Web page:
UNIDENTIFIED FEMALE: You know (INAUDIBLE) nobody. My son just turned 18 and graduated from high school. (INAUDIBLE). They told me how many times my son was shot. Eight. You're not god. You don't decide when you're going to take somebody from here. If that was the case, I brought him here, I should have took him from here. That was mine. That belonged to me.


BLACKWELL: Well, officials there say it took hours to collect evidence, remove Brown's body because of protests in the community. County detectives say they plan to release more information about the shooting later today.

PAUL: And we will have that for you when we hear it.

Meanwhile, there had been more peace talks as you know. And thinking that they could end the bloodshed in Gaza. Well, now Hamas is threatening a, quote, major escalation in violence is their demands aren't met and the conversation doesn't continue. (COMMERCIAL BREAK)

PAUL: Well, just days after a short-lived cease-fire crumbled in the Mideast, Hamas is giving Israel an ultimatum now. Come to the table and meet our demands or prepare for an escalation of violence and rocket attacks.

BLACKWELL: But Israel says it will not budge until the rocket attacks stop. Now ahead of today's cabinet meeting in Israel, Prime Minister Benjamin Netanyahu reiterated that this crisis is far from over. Here's a quote, "I said at the beginning of the operation and the whole way along it will take time. We need to relate to this with steadfastness and unity until we completed the mission." CNN's John Vause is monitoring the developments on the ground there in Gaza. John, we also heard from the defense minister from Israel that there is nothing to negotiate unless the rockets stop from Gaza. So is there even any potential for even these humanitarian ceasefires that we saw intermittently through this conflict?

JOHN VAUSE, CNN CORRESPONDENT: Yeah, certainly the diplomatic options seem to be fast running out here. Especially when you listen to the Israeli Prime Minister Benjamin Netanyahu and the Israeli Defense Minister Moshe Ya'alon being very adamant that this operation will continue. What we know at this stage as far as the negotiations in Cairo, the Palestinian delegation there plans to meet with the Egyptian mediators. That's meant to happen any time soon. And Hamas says if it has confirmed that the Israelis have no intention of returning to Cairo to continue on with those negotiations, then they will pack up and they will leave and they'll head back to the Palestinian territories. And they will continue negotiations here pretty much amongst themselves or meet with the leaders both in the West Bank and in Gaza. In particular, the president of Palestinian Authority Mahmoud Abbas. But it certainly appears that they will be leaving. Certainly at face value. Because as you say, the Israeli government making it very clear that they have no intention to continue these negotiations while the rockets continue to fire from Gaza into Israel. And that is the case. Those rockets do keep coming, mostly falling in the southern part of Israel. But as far as the Israelis are concerned, that doesn't really mean much. The rocket fire is rocket fire. And so, we now have a situation that Hamas has warned that unless the Israelis agree to their key demands which is here lifting the economic blockade and now they are saying they want a sea port as well as one of their key demands, then they will start firing rockets again and that this conflict will be back on. And what they have also said, Victor, in the last day or two, is that if this fighting escalates, they will start sending rockets towards Tel Aviv, in particular, they'll try and target Israel's airport in Tel Aviv, Ben Gurion Airport. You may remember, a couple of weeks ago, international carriers pretty much stopped flights in and out of Ben Gurion for almost two days because a Palestinian rocket landed nearby and that was a huge blow to the Israelis. But despite that, Israel was adamant no negotiations until there's an end to the rocket fire.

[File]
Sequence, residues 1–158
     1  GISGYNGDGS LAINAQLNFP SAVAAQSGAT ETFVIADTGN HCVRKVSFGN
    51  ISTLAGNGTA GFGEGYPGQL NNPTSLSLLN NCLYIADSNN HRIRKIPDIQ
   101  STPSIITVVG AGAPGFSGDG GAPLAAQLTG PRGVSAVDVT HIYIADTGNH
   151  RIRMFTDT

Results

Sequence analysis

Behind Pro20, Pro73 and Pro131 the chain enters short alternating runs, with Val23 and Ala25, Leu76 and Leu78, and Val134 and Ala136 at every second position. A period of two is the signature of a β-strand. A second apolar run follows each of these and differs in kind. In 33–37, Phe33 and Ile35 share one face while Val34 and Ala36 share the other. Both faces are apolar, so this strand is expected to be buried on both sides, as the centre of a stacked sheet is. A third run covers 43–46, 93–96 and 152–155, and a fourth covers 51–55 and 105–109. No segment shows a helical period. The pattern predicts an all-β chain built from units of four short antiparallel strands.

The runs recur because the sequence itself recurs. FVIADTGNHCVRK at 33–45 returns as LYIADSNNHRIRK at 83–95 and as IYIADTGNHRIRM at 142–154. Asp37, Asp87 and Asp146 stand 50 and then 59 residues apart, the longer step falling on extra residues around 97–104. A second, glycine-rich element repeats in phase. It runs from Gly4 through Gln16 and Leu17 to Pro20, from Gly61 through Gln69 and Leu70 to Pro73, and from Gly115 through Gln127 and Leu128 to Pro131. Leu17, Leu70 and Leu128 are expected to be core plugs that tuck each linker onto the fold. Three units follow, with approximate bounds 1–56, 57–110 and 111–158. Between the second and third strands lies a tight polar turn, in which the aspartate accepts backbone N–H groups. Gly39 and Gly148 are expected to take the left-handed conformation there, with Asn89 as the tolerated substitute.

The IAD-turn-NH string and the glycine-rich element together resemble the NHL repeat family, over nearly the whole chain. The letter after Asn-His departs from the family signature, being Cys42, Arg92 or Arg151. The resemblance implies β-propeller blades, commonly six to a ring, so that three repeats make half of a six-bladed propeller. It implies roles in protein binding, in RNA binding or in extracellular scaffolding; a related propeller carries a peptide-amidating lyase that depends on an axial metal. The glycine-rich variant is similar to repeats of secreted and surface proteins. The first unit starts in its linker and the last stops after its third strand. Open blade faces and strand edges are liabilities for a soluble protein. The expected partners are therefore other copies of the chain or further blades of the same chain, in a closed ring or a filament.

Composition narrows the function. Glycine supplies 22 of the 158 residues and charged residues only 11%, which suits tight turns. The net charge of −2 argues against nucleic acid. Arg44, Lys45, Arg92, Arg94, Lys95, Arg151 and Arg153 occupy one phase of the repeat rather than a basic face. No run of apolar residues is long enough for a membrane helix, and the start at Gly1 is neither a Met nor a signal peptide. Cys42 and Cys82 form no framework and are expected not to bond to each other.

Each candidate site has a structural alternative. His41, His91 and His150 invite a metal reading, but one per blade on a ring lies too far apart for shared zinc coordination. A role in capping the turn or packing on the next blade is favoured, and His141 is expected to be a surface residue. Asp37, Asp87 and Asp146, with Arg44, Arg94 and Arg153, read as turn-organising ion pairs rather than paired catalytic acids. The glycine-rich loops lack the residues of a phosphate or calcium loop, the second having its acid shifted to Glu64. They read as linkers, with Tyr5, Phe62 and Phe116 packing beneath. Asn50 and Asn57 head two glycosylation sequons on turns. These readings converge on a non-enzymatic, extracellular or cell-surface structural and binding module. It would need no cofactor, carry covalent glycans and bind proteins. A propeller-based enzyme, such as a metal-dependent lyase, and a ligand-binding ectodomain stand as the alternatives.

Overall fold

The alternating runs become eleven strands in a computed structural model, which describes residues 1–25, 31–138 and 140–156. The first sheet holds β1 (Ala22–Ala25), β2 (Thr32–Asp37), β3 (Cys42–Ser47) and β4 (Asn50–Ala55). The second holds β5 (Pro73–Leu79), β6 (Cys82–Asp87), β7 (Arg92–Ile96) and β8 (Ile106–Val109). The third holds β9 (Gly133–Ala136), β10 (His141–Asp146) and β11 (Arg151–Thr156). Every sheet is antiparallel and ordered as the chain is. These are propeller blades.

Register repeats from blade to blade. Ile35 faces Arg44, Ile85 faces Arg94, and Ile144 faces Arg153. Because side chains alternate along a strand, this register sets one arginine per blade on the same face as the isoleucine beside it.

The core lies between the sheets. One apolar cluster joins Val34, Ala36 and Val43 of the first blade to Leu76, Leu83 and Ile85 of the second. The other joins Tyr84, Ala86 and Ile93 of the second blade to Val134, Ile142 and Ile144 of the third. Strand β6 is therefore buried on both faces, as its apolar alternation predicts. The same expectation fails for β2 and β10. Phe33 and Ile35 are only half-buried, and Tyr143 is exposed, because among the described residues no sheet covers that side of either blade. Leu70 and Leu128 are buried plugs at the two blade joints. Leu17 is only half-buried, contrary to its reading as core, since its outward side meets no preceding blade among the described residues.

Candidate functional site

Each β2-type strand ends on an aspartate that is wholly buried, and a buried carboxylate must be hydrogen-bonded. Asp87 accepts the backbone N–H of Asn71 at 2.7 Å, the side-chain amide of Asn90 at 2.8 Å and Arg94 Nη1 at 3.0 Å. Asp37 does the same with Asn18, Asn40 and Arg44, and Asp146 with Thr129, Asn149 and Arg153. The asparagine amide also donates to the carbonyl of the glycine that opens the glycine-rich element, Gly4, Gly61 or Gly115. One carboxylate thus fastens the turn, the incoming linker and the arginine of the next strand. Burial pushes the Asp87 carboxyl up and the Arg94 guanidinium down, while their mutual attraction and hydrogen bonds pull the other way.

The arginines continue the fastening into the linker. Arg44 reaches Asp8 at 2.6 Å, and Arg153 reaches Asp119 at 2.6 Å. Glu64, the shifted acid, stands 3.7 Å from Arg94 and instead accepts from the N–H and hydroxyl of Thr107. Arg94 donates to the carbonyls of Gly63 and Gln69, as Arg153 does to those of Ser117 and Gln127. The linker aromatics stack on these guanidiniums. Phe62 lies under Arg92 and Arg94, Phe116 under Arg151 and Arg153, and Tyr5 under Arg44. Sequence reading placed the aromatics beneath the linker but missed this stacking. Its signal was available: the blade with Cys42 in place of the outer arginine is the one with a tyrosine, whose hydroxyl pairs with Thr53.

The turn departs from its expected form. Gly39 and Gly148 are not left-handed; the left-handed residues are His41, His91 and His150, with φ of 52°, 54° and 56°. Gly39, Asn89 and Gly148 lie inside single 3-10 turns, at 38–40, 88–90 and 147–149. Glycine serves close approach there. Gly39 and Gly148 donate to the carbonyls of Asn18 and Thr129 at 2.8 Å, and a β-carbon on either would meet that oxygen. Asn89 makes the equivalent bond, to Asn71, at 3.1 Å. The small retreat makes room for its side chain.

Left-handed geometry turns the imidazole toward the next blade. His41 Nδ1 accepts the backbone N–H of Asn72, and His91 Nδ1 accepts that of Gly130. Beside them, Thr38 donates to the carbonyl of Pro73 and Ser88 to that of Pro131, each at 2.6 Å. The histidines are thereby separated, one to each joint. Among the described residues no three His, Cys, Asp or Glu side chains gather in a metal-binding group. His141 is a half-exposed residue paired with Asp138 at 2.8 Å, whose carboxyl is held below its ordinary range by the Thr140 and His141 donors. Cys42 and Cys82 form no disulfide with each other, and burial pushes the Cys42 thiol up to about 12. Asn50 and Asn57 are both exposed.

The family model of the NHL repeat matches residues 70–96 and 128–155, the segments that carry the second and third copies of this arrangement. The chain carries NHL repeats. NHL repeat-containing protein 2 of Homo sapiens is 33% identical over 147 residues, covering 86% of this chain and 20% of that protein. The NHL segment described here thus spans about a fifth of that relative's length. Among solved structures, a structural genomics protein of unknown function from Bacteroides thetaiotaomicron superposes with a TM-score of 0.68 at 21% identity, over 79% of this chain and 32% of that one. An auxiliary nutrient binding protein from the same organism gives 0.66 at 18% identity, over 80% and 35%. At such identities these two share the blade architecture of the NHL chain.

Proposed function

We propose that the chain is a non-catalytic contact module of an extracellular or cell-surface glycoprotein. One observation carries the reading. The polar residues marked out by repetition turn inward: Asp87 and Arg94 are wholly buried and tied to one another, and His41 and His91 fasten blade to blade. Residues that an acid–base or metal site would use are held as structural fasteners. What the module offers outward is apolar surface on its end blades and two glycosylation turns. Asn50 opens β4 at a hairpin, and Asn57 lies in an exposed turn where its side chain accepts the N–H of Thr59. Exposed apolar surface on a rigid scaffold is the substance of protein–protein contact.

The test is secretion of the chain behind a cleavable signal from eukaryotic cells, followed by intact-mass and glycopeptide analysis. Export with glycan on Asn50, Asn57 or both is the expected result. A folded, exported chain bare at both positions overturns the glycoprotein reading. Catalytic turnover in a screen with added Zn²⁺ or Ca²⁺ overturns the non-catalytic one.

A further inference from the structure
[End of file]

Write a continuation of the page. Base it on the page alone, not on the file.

BLACKWELL: All right. John Vause there for us in Gaza. John, thank you so much. PAUL: Thank you, John. Breaking news that we're following this

morning involving NASCAR driver Tony Stewart. As we were just saying, he's being investigated after a deadly crash. We'll have more on that.

BLACKWELL: Plus, an unarmed teenager shot by police in Missouri. We're going to have more throughout the morning. What the community wants to know about why this happened.


PAUL: Well, a bright hello and welcome to you. I'm Christi Paul.

BLACKWELL: I'm Victor Blackwell. Here are five things you need to know for your new day.

PAUL: Number one, you have to know about new air strikes and air drops in Iraq. The U.S. hitting ISIS militants four times yesterday. The group that's taken over several cities in Iraq is also responsible for forcing tens of thousands of Yazidis to hide in the mountains near Sinjar. On the humanitarian side, the U.S. and the British air force have both dropped food and water to those stranded refugees.

BLACKWELL: Number two, just days after peace talks failed, Hamas and Israel are at it again.